Mortgage Blog - December 18, 2017
The big news last week wasn't actually news to anyone, as virtually no one was surprised that the Fed hiked rates a quarter percent at the FOMC meeting, to the range of 1.25%-1.50%.
The Fed's "dot plot," released at the last meeting every quarter, projects three more rate hikes next year. The latest increase was widely seen as reflecting the Fed's confidence in the U.S. economy. Their policy statement said: "the labor market has continued to strengthen" and "economic activity has been rising at a solid rate," plus they revised their GDP growth projection higher.
In fact, GDP has grown at better than 3% for two quarters, job growth is at a 10-year high and unemployment at a 17-year low. In addition, economists say low unemployment means businesses have to pay more for labor, putting upward pressure on wages, and this is good for the housing market. Also good news, national average 30-year mortgage rates went down last week. Truth is, the Fed Funds Rate does not always lead to higher mortgage rates. Economists say it's tied to short-term consumer interest rates, although next year's three projected Fed hikes should nudge mortgage rates higher.
Review of Last Week
Investors were clearly lifted by the prospect that tax-cut legislation would soon be passed by both houses of Congress. The three major stock market indexes closed at record highs, with the Dow and the S&P 500 registering weekly gains for the fourth week in a row. By Friday afternoon, it appeared that Republicans had enough support to pass their tax reform bill, but the final vote will not happen until early this week. Once both the House and Senate vote on the finalized bill, it will go to the President, who has already said it's his intention to sign it before Christmas.
One portfolio analyst noted, "There is definitely a momentum in the market thanks to the prospect of tax cuts, but let's not forget that the economic growth is also pretty good and has been supporting the market all year." More evidence of that growth came last week as Retail Sales shot up in November by 0.8%, following upwardly revised gains of 0.5% in October and 2.0% in September. Retail Sales are now up 5.8% from a year ago. Manufacturing continues to grow steadily, with factory capacity utilization at its highest level since 2008. Plus, both weekly and continuing jobless claims fell for the week.
The week ended with the Dow UP 1.3%, to 24652; the S&P 500 UP 0.9%, to 2676; and the Nasdaq UP 1.4%, to 6937.
It was a mixed week in the bond market, with shorter dated Treasuries down, but the long bond up. The 30YR FNMA 4.0% bond we watch finished the week down just .04, at $104.66. In Freddie Mac's Primary Mortgage Market Survey for the week ending December 14, national average 30-year fixed mortgage rates edged lower, remaining measurably down from a year ago.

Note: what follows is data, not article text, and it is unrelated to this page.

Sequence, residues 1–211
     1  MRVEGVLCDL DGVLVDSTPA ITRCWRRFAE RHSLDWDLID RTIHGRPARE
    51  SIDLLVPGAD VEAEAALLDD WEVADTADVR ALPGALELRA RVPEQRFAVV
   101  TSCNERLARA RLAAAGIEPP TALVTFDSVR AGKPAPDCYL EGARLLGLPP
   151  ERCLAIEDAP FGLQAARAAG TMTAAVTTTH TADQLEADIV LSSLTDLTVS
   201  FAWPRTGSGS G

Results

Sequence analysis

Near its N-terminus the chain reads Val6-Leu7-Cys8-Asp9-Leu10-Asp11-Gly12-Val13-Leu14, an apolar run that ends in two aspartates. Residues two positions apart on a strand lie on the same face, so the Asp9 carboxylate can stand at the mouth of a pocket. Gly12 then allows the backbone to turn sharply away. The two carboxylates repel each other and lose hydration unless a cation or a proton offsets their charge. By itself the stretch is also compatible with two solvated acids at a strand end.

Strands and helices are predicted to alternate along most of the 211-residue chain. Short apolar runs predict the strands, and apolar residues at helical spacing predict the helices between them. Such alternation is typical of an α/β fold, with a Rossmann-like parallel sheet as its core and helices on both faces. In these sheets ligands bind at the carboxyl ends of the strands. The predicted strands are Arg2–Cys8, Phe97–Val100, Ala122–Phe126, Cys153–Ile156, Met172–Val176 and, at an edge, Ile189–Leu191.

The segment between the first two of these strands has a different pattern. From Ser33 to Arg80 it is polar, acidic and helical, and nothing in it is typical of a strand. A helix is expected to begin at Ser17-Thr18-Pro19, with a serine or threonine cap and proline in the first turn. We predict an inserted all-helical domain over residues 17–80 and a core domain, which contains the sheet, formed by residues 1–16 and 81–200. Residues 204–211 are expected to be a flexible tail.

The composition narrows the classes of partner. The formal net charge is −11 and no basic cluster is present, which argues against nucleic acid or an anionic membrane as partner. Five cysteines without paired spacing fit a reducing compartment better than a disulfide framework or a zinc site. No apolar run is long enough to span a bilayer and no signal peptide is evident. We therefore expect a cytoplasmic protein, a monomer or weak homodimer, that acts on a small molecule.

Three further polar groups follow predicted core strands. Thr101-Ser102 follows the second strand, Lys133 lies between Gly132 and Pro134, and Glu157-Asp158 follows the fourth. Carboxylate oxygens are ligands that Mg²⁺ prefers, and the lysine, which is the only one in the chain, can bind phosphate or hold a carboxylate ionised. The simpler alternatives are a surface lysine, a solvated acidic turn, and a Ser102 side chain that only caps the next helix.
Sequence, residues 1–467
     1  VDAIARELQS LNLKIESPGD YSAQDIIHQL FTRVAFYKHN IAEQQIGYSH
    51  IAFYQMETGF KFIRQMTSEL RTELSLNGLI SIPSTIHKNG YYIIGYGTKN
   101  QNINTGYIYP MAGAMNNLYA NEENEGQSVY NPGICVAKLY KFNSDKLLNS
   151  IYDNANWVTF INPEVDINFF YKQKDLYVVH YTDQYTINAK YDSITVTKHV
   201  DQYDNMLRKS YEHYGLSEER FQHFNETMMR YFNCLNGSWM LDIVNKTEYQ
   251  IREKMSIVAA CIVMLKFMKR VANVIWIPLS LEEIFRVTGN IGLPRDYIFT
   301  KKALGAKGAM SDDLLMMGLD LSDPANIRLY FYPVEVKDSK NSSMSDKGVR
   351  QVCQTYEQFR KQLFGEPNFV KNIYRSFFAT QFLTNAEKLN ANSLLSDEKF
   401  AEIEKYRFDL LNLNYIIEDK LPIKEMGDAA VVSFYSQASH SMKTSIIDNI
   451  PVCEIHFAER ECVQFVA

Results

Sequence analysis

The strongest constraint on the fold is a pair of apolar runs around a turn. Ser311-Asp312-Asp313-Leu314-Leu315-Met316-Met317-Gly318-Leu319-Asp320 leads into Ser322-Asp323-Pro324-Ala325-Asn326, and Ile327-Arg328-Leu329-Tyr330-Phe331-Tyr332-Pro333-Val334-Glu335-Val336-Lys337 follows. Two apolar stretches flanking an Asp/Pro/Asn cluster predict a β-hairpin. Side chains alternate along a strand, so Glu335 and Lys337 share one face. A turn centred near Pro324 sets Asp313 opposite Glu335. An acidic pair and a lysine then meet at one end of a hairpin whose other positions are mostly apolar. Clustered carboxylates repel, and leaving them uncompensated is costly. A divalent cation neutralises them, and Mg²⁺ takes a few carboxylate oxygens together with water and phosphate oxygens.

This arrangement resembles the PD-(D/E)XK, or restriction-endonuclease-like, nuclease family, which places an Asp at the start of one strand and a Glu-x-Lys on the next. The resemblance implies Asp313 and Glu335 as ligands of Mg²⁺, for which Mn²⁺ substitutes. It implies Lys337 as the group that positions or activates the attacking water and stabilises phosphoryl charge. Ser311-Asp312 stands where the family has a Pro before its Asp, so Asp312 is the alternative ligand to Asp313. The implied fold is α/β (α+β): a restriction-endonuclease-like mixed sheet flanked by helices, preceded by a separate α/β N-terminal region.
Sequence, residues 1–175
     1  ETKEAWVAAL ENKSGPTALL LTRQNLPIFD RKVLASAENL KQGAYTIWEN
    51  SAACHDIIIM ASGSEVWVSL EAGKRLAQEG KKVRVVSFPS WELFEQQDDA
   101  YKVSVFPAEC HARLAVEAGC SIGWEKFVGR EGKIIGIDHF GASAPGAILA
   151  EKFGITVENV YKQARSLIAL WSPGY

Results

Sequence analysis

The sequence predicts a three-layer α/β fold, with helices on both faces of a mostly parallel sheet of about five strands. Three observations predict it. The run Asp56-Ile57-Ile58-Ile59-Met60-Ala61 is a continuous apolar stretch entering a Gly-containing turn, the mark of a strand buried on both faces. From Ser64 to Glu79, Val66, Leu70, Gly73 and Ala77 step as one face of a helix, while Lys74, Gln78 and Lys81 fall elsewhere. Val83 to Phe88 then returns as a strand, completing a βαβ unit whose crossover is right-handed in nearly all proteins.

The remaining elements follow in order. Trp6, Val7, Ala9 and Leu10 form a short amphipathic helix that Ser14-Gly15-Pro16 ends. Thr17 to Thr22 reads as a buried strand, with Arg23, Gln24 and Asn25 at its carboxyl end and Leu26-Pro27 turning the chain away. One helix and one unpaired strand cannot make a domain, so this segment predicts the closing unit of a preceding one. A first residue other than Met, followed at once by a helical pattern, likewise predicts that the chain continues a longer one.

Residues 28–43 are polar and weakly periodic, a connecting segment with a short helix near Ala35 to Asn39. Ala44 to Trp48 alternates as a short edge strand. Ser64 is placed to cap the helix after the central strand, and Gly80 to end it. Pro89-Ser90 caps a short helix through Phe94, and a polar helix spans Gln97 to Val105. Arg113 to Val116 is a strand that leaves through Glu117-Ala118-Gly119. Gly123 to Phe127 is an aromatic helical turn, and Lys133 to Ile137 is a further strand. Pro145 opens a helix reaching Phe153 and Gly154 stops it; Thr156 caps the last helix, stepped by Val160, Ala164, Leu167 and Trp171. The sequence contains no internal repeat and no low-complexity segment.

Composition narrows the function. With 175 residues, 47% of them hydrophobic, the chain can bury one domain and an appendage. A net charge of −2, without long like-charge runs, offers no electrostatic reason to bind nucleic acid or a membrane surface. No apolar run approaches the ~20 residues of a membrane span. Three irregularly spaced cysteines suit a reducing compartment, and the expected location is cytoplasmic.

Where are interest rates headed?
This Week's Forecast
We get a complete look at the November housing market in a single week. Home building is forecast to slip a tad in both Housing Starts and Building Permits. Likewise, New Home Sales are predicted off for the month. Analysts see Existing Home Sales back up over the 5.5 million annual rate. The GDP - Third Estimate is expected to show economic growth still a solid 3.3%. Core PCE Prices, the Fed's favorite inflation measure, is forecast to barely budge.
The Week's Economic Indicator Calendar
Weaker than expected economic data tends to send bond prices up and interest rates down, while positive data points to lower bond prices and rising loan rates.
Economic Calendar for the Week of December 18, 2017 - December 22, 2017
Dec 19 08:30 Housing Starts
Dec 19 08:30 Building Permits
Dec 20 10:00 Existing Home Sales
Dec 20 10:30 Crude Inventories
Dec 21 08:30 Initial Unemployment Claims
Dec 21 08:30 Continuing Unemployment Claim
Dec 21 08:30 GDP - Third Estimate
Dec 21 08:30 Philadelphia Fed Index
Dec 22 08:30 Personal Income
Dec 22 08:30 Personal Spending
Dec 22 08:30 Core PCE Prices
Dec 22 08:30 Durable Goods Orders
Dec 22 08:30 Durable Goods Orders ex-trans.
Dec 22 10:00 New Home Sales
Dec 22 10:00 U. of Michigan Consumer Sentiment - Final
Federal Reserve Watch
Speculative Forecasting Federal Reserve policy changes in coming months:
The consensus on Wall Street is the Fed Funds Rate will hold where it is in January, but there's a good chance we'll see another hike in March, with that one holding in May.
Note: In the lower chart, a 2% probability of change is a 98% certainty the rate will stay the same.
Current Fed Funds Rate: 1.25%-1.50%
After FOMC meeting on:
Jan 31 1.25%-1.50%
Mar 21 1.50%-1.75%
May 2 1.50%-1.75%
Probability of change from current policy:
After FOMC meeting on:
Jan 31 2%
Mar 21 57%
May 2 45%
Where are interest rates headed?
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